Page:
4.4.9 – Financial Data

Part IX of Form 1023 requires applicants to provide detailed financial data. Organizations that have existed for less than five (5) years must provide past or projected financial data for:

  • Three (3) years if the organization has not completed one tax year; or
  • Four years, including each of the years in which the organization has been in existence, if the organization has completed one tax year.

For organizations that have existed for at least five (5) years, the applicant must provide financial data for the last five (5) years.

For new organizations, Part IX of Form 1023 requires the applicant to break out the organization’s projected budget by line item in considerable detail. For this reason, it is important that new organizations planning to apply for 501(c)(3) tax-exempt status develop a projected budget early in the formation process.

4.4.10 – Public Charity Status

Part X of Form 1023 is designed to classify the applicant as a Public Charity or Private Foundation. Public Charities receive more favorable tax treatment than private foundations. Below are several ways that Public Charities are treated more favorably under the Internal Revenue Code than Private Foundations:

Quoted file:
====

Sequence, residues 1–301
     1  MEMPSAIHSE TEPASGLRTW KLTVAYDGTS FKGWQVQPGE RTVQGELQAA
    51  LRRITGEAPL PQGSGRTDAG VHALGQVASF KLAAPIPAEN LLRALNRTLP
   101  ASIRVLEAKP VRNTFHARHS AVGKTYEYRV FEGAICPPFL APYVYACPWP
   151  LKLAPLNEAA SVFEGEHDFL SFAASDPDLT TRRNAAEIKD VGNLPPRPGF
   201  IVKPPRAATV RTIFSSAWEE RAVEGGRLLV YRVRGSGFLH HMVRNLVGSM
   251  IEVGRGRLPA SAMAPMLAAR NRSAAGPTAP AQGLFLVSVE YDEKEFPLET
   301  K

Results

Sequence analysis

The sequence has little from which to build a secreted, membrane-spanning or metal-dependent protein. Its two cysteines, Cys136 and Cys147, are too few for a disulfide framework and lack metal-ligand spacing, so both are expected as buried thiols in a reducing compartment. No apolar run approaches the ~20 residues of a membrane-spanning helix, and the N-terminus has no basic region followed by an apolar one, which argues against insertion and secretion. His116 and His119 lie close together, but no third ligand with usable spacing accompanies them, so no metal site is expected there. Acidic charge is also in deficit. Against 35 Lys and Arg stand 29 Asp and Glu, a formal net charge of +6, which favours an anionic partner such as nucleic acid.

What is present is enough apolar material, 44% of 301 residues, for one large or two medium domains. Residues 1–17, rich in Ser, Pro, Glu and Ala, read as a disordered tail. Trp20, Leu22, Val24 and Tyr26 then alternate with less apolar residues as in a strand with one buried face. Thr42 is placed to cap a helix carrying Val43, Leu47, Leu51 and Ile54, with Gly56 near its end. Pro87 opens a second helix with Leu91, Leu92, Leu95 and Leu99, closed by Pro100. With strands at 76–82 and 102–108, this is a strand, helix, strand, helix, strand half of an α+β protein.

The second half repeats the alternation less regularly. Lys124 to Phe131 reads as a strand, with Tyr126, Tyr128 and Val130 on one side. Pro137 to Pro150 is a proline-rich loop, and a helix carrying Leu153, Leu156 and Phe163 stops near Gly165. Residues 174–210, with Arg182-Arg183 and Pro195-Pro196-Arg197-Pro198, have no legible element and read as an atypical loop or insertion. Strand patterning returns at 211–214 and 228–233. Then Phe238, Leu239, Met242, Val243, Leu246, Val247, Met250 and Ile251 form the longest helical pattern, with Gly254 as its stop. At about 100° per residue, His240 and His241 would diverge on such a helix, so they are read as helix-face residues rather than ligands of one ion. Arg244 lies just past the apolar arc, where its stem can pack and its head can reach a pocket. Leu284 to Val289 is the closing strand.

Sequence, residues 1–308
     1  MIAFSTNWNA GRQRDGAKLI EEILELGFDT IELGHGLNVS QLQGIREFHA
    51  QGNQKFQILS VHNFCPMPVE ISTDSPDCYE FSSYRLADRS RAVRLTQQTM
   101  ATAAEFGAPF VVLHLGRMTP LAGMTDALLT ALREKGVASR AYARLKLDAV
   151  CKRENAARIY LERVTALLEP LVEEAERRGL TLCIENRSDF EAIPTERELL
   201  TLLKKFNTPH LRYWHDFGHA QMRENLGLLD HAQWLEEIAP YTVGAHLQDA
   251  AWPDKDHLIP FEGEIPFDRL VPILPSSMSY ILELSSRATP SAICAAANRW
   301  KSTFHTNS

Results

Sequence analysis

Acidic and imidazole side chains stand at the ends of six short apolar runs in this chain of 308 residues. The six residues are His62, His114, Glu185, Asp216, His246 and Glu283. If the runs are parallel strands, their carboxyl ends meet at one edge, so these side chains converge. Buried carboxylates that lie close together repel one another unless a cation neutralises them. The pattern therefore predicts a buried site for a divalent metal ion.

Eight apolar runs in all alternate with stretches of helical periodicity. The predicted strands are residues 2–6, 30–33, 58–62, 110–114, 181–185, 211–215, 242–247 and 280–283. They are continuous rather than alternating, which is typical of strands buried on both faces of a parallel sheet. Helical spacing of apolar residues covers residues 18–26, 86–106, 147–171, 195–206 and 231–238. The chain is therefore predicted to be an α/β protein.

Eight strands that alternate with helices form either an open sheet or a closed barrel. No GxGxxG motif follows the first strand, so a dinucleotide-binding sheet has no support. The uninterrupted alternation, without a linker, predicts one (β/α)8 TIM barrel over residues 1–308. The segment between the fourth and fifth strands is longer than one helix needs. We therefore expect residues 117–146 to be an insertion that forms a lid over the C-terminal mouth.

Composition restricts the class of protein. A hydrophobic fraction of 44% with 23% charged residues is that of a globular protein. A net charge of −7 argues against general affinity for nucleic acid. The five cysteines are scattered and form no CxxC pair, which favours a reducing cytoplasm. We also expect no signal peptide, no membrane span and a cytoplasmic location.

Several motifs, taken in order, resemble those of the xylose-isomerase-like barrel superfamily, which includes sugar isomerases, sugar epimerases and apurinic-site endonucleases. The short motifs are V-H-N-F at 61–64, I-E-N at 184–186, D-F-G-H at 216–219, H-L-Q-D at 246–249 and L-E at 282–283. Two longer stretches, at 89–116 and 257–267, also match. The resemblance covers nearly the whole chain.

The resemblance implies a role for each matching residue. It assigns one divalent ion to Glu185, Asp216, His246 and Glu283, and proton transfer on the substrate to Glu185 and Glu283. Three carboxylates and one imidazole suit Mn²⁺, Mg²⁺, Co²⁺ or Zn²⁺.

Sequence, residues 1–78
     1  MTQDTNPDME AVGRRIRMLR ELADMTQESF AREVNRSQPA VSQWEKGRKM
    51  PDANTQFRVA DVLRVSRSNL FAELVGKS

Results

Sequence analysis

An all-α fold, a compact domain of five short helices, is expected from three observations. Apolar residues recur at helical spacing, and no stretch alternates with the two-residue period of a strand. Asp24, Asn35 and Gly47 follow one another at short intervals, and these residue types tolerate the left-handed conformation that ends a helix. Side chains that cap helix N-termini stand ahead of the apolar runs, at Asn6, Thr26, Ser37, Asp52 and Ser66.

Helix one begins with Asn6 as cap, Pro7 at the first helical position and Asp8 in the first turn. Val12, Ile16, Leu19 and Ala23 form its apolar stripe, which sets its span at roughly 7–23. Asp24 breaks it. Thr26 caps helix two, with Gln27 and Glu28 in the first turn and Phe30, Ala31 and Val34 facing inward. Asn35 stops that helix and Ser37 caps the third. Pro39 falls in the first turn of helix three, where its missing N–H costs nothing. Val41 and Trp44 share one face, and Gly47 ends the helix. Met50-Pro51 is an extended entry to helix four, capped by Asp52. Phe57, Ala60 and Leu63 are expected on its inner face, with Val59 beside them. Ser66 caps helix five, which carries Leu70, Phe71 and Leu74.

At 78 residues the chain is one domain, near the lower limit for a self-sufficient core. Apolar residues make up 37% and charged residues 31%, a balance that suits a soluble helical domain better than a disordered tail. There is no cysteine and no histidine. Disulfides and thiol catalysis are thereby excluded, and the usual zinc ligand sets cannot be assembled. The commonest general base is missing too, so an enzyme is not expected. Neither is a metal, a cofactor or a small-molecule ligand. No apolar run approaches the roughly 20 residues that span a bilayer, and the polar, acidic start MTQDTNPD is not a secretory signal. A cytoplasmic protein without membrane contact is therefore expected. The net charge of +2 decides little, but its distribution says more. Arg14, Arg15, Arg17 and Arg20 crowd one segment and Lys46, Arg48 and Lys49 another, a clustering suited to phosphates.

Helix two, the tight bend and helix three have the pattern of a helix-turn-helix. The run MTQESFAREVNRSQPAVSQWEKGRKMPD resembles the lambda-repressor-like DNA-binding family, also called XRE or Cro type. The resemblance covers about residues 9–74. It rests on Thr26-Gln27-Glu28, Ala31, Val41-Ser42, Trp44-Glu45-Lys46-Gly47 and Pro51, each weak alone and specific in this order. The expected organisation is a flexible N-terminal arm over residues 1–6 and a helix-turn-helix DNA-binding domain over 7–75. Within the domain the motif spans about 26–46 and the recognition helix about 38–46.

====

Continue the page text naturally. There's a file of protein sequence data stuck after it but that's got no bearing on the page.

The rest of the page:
• Donations of Capital Gains Property. A donor who donate appreciated property, such as a stock account, to a public charity are permitted to deduct the fair market value of the property at the time of the donation from his or her income. A donor who donate appreciated property to a private foundation, however, may only deduct his or her basis in the property.
  • Permitted Amount of Deduction. A donor is permitted to deduct donations to Public Charities up to fifty percent (50%) of his or her adjusted gross income. A donor is only permitted to deduct donations to Private Foundations up to twenty percent (20%) of his or her adjusted gross income.